This will be easiser to under stand if we see it all in action,
so let’s login. You will need to know your address, username and
password. Most hosts will provide this for you almost immediately
after you sign up. In the address field, you will enter your FTP
address. In the username field, you’ll enter your user name. And in
the password field, you’ll enter your password. Makes sense, right?
If you don’t know any of these, you’ll really need to contact your host
to get it. Once you’ve entered this information, click the “Quickconnect” button.
Wait. What about the port field? You shouldn’t have to
enter anything here. Unless your host is somewhat unusual, they will
use port number 21, which is standard for FTP. In which case, the port
number will automatically fill itself in when you click the
As you are connecting, you will see some text in the
Response are scroll by. This may happen very quickly. Don’t worry.
Just pay attention to the colours. If you see any red text, take a
look at what this says, because that is an error message. If you don’t
see any red, that’s good! Its working. Once you are connected, you’ll
see quite a change in the Remote site section.
Here’s where you need more information from your host. You need to
know where you will put your files. With some hosts, you’ll see a
folder as soon as you login that has your domain name (yourname.com).
With others you’ll see a folder called www or public_html. Chances
are, this information is found in the email that your host sent to you
when you signed up. Open whatever folder you are supposed to place
your files in, and then pay attention to the local site section (left
side). Locate the folder with your files and open it on the left
side. You want to see the files for your site in the lower portion of
the local site section.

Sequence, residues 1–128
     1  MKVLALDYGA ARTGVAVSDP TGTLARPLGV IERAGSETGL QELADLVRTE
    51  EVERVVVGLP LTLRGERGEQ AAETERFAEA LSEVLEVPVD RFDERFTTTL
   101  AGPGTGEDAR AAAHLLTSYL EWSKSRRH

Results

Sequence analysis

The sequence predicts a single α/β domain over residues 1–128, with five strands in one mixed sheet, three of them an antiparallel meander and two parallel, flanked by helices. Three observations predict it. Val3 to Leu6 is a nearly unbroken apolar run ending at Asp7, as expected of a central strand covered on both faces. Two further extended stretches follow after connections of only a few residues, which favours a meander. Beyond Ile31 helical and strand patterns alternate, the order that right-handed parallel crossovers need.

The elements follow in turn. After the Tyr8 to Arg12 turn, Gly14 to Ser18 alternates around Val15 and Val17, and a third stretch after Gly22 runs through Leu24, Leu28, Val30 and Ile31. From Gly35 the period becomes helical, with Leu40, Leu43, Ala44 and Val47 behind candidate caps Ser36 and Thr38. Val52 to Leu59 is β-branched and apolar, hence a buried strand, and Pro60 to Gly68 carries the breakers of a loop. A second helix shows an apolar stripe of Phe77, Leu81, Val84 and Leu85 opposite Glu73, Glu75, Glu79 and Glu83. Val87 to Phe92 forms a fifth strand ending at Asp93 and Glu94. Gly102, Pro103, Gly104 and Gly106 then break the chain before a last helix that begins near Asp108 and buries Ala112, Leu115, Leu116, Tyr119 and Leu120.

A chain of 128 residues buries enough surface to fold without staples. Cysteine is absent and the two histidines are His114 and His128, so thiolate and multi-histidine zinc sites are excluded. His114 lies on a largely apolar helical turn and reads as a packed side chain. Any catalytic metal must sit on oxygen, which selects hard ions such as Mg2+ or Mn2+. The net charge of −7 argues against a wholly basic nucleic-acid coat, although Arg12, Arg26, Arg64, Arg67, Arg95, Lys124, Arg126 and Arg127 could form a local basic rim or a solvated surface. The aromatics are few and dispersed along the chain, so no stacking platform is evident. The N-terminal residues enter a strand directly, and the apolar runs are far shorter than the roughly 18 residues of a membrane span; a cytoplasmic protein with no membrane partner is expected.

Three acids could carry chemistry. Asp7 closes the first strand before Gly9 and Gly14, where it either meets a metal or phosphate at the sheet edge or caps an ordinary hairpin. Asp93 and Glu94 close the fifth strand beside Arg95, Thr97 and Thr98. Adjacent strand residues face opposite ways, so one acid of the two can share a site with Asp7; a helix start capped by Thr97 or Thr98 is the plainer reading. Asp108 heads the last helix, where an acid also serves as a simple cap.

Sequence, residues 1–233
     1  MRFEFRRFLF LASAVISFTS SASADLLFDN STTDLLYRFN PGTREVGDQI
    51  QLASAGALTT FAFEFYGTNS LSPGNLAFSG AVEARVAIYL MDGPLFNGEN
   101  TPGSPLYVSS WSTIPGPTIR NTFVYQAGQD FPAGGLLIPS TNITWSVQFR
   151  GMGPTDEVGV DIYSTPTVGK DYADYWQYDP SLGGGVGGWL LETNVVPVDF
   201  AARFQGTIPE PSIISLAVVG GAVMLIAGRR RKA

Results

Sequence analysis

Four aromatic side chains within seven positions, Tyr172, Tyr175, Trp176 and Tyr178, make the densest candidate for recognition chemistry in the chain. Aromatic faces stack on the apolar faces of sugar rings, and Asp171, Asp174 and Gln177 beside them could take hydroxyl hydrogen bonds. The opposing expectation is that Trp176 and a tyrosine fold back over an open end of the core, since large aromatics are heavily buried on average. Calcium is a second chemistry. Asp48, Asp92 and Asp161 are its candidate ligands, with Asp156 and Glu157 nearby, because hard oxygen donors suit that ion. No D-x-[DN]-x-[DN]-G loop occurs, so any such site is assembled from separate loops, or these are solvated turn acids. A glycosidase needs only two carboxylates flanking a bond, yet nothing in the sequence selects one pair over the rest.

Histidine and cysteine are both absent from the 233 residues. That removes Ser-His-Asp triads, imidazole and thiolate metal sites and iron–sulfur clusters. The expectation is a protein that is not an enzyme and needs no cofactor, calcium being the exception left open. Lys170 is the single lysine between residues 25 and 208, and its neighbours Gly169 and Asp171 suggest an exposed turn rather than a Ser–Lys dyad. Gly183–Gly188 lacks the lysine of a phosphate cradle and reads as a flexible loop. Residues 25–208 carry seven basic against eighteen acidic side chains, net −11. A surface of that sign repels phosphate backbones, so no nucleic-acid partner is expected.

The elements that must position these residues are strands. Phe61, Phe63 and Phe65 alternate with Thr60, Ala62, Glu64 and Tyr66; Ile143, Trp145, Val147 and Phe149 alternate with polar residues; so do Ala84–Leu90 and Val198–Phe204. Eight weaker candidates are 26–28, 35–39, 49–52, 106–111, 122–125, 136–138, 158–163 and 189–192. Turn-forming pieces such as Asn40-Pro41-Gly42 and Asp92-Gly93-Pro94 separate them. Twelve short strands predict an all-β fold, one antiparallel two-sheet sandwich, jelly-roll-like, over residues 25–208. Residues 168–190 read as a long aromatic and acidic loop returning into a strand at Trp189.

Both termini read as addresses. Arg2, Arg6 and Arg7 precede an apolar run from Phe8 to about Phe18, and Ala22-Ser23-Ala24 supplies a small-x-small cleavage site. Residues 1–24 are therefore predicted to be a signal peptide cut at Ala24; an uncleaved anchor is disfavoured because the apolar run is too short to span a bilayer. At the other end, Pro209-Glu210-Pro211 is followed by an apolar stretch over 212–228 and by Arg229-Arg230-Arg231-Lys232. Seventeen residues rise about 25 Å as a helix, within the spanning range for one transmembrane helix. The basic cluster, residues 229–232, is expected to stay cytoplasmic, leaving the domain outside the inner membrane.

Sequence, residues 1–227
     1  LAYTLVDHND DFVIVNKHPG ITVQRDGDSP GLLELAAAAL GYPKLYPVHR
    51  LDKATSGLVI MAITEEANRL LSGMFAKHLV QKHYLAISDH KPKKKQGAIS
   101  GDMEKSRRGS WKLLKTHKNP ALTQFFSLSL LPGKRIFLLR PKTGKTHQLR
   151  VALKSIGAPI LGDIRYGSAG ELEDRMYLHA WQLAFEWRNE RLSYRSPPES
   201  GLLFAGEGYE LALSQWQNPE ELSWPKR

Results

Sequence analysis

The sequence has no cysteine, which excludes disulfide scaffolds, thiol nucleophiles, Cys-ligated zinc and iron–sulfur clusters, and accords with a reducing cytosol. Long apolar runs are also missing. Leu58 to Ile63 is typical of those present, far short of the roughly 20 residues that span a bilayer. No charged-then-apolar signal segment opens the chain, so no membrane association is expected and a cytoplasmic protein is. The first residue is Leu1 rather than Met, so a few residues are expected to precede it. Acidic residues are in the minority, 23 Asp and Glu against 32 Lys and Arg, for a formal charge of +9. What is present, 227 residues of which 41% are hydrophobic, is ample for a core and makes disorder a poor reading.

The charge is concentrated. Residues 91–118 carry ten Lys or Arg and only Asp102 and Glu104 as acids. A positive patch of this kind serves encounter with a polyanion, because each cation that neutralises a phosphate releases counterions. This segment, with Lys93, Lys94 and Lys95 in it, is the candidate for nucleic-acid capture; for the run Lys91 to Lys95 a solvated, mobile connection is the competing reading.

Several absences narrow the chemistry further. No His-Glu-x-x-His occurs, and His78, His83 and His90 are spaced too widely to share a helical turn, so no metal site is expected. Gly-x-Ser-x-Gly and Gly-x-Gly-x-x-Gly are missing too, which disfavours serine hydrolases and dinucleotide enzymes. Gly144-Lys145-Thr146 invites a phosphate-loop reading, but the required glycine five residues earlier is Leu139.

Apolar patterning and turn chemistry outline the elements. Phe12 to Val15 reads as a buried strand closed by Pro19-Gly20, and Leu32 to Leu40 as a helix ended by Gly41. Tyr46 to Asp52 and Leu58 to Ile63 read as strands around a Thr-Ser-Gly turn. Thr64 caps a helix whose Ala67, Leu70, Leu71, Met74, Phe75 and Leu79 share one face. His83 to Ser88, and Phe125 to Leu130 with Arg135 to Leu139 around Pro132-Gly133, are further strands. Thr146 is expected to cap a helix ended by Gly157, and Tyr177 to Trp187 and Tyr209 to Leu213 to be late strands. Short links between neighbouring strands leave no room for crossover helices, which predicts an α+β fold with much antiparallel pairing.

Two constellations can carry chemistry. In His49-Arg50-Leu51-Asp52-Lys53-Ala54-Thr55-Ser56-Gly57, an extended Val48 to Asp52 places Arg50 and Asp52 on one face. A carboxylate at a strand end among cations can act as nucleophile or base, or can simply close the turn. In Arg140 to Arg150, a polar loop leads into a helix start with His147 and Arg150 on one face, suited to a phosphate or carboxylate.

It should looks something like the image to the right. I’d like to
draw your attention to the folder that doesn’t have a name. Beside it,
you should see two periods (..). This is not an actual folder. If you
are inside a folder, you can click this to go up one level. For
example, if you opened the images folder seen in the image above, and
then wanted to go back to the main folder (where you index file is),
you would just double-click the nameless folder.
Click once on one file to highlight it. Then, on your keyboard,
hold down the CTRL + A keys. This will highlight all of the files and
folders you see.
Turn your attention to the remote site section, and make sure you
are in the location where your files are supposed to go (inside the
yourname.com folder, or the www folder or the public_html folder – once
again, if you aren’t sure contact your host).
With your mouse, drag the files from the local side to the remote
side and let them go. You will see some action in the queue, showing
the upload progress. Once a file is uploaded, it will remove itself
from the queue. Once all the files are uploaded, the queue will be
empty and you are finished uploading.
You’re done! Now that wasn’t so hard, was it?